|Place of origin||France|
|Region or state||Provence|
|Main ingredient(s)||Vegetables, (tomatoes, onions, zucchini, eggplant, bell peppers), garlic, marjoram, basil|
||This article's lead section may not adequately summarize key points of its contents. (May 2012)|
The word ratatouille comes from Occitan ratatolha and the recipe comes from Occitan cuisine. The French touiller means to toss food. Ratatouille originated in the area around present day Occitan Provença (French: Provence) and Niça (French: Nice); the Catalan "samfaina" and the Majorcan "tombet" are versions of the same dish. The southern Italian ciambotta is a related spring vegetable dish.
The secret of a good ratatouille is to cook the vegetables separately so each will taste truly of itself.—Joël Robuchon, The Complete Robuchon
Ratatouille is usually served as a side dish, but also may be served as a meal on its own (accompanied by pasta, rice or bread). Tomatoes are a key ingredient, with garlic, onions, courgette (zucchini), aubergine (eggplant), bell peppers, marjoram and basil, or bay leaf and thyme, or a mix of green herbs like herbes de Provence. There is much debate on how to make a traditional ratatouille. One method is to simply sauté all of the vegetables together. Some cooks, including Julia Child, insist on a layering approach, where the aubergine and the courgette are sautéed separately, while the tomatoes, onion, garlic and bell peppers are made into a sauce. The ratatouille is then layered in a casserole – aubergine, courgette, tomato/pepper mixture – then baked in an oven. A third method, favored by Joël Robuchon, is similar to the previous; however, the ingredients are not baked in an oven but rather recombined in a large pot and simmered.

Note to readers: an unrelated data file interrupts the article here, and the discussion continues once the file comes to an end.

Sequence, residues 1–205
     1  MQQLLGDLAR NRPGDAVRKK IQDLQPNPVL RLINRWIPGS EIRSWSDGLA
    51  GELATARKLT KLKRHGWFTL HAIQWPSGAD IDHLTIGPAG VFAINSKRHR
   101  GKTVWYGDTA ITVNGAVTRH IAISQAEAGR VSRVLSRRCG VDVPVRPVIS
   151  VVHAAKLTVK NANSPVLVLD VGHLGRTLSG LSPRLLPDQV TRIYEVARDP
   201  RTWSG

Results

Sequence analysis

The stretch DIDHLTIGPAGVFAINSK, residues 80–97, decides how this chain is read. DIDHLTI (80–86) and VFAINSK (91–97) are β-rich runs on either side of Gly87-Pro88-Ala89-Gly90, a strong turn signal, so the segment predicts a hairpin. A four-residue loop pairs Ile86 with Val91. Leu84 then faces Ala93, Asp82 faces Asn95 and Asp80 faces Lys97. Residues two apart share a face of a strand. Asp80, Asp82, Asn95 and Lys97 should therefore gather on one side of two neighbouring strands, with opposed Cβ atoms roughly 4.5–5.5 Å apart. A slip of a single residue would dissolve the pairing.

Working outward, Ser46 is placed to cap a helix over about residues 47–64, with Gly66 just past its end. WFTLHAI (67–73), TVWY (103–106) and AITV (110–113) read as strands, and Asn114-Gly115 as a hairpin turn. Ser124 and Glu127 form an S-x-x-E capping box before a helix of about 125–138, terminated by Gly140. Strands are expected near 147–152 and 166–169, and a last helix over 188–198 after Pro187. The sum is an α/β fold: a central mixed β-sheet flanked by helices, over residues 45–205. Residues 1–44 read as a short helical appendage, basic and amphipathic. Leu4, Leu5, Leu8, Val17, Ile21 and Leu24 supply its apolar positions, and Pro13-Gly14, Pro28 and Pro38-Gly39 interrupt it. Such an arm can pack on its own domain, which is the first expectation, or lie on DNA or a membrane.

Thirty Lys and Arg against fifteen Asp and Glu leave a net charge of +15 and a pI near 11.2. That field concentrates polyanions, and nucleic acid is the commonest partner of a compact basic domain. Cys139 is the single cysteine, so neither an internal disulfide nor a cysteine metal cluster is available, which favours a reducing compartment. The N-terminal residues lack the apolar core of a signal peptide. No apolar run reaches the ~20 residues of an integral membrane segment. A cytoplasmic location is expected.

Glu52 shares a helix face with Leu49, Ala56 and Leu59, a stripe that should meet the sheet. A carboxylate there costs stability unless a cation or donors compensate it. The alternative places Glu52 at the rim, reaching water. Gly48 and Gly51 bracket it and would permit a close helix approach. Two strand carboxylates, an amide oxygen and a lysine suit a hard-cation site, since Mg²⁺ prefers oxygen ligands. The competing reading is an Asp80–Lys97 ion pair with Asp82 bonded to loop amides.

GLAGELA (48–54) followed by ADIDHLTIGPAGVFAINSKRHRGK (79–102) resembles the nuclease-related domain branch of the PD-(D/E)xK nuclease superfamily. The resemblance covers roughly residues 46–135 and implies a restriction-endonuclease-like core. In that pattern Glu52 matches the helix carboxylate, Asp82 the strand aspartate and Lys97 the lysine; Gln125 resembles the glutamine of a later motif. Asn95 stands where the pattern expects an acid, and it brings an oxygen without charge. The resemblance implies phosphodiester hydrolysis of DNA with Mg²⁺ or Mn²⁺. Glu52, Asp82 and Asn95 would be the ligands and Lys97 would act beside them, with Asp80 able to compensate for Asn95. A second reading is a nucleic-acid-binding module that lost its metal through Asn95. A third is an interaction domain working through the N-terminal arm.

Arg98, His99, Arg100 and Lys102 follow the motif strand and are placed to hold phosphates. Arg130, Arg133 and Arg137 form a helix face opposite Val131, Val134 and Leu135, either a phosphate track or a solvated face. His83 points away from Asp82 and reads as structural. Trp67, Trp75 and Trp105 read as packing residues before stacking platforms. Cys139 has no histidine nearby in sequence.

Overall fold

When ratatouille is used as a filling for savory crêpes or to fill an omelette, the pieces are sometimes cut smaller than in the illustration. Also, unnecessary moisture is reduced by straining the liquid with a colander into a bowl, reducing it in a hot pan, then adding one or two tablespoons of reduced liquid back into the vegetables.
Filled aubergine dishes exist in Ligurian (Rattatuia), Bulgarian, Dalmatian/Croatian, Greek, Albanian, Maltese, Romanian, Sicilian, Turkish, Persian, and Venetian cuisine, but may include salted sardines or anchovies. Similar dishes exists in other cuisines: Pisto manchego (Spanish), pinakbet (Filipino), and şakşuka (Turkish).
American chef Thomas Keller popularized a contemporary variation, confit byaldi, for the 2007 animated film Ratatouille. Ratatouille is a dish extremely popular with dieters. This is because not only is it low in fat and calories, but high in nutrients.
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|Look up ratatouille in Wiktionary, the free dictionary.|
- Ratatouille. Oxford English Dictionary, 2nd edition (1989)
- Jill Dupleix, Timesonline
- Ratatouille recipe (profusely illustrated, in French)
- Another French recipe
- Robuchon, Joël (2008). The Complete Robuchon. New York: Alfred A. Knopf. p. 597. ISBN 978-0-307-26719-1.
- Tom Norrington-Davies (July 1, 2006). "Let me make you swoon". London: the Telegraph. Retrieved 2007-08-05.
- Stacy Finz (June 28, 2007). "Bay Area flavors food tale: For its new film 'Ratatouille,' Pixar explored our obsession with cuisine". San Francisco Chronicle.
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